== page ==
How powerful is the Endangered Species Act in fact? That is a question that has left ample room for debate shortly after the law was enacted during the presidency of Richard Nixon.
A new study which can be consulted in the latest issue of the Proceedings of the National Academy of Sciences tried to bring a new perspective on the strength of the Endangered Species Act. Worldwide, the Endangered Species Act is hailed as one of the most powerful regulatory frameworks working for the benefit of threatened and endangered species and their conservation.
Nonetheless, detractors of the law have formed two camps. On the one hand there are environmentalist groups and animal rights activist groups who believe the power of the Endangered Species Act is dented and it has no real bite.
On the other hand, industry groups, real estate developers and others are relentlessly arguing that the law is too powerful and meddling with their respective businesses. So, how powerful is the Endangered Species Act in fact?
The study used Section 7 of the law as a background for research. Section 7 of the Endangered Species Act stipulates the clear obligation of contractors to consult with the U.S. Fish and Wildlife Service or the National Marine Fisheries Services in case their projects touch upon federal land and may pose a threat to the habitat of endangered or threatened species.
As clearcut as it may seem, Section 7 seems to hold more of a declarative power. While contractors do meet with either federal agency overseeing the respective federal land, there is a sort of invisibility cloak veiling the results. At least according to the findings of the recently published study.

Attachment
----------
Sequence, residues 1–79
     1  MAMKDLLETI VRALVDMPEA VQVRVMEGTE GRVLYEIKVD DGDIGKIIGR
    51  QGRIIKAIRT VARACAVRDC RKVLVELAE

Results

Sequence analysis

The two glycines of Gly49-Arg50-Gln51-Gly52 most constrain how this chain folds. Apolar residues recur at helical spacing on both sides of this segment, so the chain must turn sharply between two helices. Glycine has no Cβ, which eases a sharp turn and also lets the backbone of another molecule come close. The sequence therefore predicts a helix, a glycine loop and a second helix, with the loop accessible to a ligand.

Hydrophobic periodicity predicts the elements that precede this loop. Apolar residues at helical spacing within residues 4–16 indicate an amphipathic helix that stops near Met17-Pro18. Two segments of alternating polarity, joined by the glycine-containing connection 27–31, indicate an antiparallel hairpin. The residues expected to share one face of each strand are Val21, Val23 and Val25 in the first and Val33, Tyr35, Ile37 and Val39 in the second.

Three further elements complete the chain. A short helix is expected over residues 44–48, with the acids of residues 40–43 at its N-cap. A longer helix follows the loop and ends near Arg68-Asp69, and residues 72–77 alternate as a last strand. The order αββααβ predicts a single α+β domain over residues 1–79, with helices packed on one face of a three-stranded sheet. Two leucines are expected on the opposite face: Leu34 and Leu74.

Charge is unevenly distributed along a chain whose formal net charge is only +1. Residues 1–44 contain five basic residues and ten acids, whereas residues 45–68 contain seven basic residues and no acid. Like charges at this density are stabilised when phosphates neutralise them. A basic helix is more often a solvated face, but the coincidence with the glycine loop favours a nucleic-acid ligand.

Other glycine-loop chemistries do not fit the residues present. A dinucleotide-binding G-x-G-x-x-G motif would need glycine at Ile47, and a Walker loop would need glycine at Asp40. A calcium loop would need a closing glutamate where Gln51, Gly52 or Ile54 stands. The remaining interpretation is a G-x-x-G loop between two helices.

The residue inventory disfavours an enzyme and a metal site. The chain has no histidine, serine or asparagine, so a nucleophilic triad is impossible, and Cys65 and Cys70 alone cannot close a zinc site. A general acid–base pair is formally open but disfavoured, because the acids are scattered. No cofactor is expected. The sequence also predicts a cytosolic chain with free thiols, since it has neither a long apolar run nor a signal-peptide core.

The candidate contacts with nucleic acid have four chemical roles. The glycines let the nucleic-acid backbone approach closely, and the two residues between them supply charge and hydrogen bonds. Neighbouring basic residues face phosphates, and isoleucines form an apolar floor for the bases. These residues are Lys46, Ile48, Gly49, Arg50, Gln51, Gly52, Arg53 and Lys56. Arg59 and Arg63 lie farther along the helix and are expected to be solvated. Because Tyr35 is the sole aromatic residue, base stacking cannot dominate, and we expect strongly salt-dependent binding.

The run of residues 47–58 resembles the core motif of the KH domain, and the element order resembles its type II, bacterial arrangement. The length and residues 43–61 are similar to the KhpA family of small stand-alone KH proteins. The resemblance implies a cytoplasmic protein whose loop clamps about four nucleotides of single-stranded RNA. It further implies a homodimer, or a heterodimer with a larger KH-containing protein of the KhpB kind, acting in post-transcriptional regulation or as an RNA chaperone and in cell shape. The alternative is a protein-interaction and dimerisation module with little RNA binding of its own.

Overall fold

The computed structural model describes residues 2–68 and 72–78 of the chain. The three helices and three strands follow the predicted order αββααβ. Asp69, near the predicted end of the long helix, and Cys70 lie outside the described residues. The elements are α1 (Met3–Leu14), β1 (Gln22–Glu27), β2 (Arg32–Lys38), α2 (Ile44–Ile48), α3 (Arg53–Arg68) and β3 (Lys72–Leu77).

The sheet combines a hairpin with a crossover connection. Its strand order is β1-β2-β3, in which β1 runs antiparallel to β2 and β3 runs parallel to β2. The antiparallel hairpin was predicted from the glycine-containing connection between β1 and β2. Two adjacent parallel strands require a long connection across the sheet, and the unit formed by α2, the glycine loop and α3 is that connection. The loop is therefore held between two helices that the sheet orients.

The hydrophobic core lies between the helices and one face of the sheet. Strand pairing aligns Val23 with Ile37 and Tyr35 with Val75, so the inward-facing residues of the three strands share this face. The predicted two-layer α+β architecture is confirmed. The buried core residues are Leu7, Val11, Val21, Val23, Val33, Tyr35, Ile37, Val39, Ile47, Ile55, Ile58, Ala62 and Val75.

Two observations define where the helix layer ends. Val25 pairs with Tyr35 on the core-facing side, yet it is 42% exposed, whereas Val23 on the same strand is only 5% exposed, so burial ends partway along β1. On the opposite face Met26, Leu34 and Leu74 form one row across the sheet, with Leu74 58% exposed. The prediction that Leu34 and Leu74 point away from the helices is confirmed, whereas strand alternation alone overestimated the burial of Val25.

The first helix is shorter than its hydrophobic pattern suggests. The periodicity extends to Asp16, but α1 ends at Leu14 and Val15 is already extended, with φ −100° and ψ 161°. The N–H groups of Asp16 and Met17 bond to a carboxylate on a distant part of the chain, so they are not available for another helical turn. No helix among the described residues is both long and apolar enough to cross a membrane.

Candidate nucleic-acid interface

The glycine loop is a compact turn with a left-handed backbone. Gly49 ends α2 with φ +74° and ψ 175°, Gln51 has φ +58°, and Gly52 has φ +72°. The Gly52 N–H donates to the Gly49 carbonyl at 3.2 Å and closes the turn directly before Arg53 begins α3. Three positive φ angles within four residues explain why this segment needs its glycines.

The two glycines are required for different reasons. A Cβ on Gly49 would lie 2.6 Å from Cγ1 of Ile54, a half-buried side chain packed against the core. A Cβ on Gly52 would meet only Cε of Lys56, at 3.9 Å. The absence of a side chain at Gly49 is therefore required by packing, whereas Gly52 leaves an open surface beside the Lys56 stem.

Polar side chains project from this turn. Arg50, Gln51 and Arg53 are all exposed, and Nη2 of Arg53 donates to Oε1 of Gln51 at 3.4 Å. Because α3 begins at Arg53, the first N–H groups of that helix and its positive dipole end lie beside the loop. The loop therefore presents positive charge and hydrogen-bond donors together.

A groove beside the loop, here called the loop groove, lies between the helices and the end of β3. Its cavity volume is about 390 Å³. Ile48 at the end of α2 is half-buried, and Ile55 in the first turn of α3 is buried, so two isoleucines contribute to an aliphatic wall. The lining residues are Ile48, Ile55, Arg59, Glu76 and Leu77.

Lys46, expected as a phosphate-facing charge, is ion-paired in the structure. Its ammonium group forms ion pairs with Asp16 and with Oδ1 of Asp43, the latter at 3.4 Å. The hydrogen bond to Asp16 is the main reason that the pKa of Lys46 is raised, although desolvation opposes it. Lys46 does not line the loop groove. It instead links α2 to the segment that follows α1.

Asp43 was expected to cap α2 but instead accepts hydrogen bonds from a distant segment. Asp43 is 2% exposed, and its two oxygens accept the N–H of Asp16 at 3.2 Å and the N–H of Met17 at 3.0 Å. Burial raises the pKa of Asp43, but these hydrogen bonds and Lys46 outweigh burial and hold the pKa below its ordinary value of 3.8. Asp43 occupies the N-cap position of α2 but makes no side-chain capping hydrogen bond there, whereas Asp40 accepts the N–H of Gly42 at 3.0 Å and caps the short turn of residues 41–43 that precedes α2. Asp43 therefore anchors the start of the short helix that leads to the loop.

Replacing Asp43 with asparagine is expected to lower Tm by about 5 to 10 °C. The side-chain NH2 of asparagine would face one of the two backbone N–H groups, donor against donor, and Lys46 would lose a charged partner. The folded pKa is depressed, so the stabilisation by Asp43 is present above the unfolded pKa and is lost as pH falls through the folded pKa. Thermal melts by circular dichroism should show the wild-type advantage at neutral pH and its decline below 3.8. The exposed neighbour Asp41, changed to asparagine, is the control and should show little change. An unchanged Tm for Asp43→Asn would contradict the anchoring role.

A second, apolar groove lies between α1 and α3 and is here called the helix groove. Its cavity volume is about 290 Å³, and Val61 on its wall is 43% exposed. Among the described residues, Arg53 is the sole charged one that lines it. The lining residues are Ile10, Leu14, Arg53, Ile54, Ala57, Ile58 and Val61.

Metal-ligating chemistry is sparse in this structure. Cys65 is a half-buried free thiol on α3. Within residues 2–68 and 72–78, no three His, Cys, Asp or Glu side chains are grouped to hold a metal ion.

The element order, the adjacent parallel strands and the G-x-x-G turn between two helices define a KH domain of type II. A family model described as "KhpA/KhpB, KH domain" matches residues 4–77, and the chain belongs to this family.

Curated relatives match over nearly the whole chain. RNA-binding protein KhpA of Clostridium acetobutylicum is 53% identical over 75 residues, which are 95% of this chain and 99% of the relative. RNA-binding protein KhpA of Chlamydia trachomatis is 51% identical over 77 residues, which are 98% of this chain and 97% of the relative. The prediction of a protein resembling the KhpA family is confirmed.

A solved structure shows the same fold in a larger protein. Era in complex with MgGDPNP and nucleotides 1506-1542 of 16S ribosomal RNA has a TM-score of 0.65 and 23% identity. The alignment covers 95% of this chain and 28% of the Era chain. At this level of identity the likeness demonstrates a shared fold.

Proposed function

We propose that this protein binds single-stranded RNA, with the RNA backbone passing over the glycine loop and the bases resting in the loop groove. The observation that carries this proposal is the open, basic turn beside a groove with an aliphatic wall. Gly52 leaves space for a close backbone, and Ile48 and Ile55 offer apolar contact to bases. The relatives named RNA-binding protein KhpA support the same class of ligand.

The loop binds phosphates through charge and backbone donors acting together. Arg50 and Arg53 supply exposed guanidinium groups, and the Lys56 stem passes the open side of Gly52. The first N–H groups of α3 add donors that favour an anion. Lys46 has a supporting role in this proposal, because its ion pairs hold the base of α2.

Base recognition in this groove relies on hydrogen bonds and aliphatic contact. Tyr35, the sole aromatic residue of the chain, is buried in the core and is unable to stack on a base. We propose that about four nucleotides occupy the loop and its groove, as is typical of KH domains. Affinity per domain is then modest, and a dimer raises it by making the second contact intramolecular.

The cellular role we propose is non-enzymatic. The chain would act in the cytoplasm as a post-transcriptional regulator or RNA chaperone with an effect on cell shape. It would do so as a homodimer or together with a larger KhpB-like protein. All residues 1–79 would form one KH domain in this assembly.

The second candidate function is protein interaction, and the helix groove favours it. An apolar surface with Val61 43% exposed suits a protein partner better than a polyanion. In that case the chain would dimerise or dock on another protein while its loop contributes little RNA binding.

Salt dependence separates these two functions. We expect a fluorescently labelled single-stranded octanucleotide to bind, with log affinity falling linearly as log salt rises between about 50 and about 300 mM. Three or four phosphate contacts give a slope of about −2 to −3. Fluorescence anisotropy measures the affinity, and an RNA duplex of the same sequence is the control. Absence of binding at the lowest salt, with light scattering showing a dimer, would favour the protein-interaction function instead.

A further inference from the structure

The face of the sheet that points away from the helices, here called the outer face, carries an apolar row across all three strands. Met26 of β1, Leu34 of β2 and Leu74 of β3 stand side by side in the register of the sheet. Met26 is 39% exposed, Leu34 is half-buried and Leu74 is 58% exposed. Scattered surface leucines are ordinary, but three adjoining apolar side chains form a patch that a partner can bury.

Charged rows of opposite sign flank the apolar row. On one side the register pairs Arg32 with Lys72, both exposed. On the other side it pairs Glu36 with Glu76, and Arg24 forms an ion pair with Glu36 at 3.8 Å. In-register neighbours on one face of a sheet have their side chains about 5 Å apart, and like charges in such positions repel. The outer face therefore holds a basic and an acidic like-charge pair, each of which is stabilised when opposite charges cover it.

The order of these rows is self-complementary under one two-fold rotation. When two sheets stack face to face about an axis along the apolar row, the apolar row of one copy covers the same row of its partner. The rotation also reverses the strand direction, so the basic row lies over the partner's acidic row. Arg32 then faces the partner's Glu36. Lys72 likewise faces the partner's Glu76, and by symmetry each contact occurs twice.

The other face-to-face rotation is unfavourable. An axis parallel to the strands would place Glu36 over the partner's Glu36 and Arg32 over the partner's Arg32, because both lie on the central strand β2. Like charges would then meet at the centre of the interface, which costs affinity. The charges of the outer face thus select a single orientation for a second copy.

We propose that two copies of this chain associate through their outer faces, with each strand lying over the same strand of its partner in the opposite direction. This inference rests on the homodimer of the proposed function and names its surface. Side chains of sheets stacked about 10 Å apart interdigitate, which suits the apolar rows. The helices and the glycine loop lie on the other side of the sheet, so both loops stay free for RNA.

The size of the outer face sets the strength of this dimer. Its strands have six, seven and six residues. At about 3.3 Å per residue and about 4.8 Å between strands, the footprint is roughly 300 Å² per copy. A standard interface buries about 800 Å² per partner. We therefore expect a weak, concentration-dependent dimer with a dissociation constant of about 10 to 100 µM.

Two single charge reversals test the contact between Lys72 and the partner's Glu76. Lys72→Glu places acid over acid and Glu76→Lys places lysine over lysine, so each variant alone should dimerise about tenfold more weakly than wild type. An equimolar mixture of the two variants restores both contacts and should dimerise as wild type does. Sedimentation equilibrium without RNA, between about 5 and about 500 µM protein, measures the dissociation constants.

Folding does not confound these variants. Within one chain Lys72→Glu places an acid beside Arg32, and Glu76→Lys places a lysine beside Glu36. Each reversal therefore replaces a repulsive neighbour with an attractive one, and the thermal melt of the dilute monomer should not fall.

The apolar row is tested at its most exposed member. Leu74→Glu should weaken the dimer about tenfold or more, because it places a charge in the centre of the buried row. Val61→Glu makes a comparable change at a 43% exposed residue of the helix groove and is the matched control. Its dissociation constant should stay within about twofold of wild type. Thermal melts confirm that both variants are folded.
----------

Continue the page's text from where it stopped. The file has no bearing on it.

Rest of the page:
Following consultations, the U.S. Fish and Wildlife Service must issue a biological opinion on the matter. Its content must reflect that the contractor’s plans do not jeopardize or inflict any harm to the critical habitat of a species, particularly an endangered or threatened one. Contrary, if the contractor’s plans do appear to cause any harm, they must be modified accordingly if the collaboration is to continue.
The study analyzed 88,290 consultations between contractors and the U.S. Fish and Wildlife Service, conducted over the course of seven years. Of these, only one project was found to present a threat to the habitat of a threatened species under the Endangered Species Act. With some alterations, the project went through even after the second plan was found to be just as jeopardizing.
According to the authors of the study, Jacob Malcom and Ya-Wei Li with the Defenders of Wildlife, the findings are at least surprising. How powerful is the Endangered Species Act in fact? It’s a matter of perspective. Their findings should at least calm the clamour of businesses attacking the Endangered Species Act for being anti-progressive and hurting profits while halting development and killing jobs.
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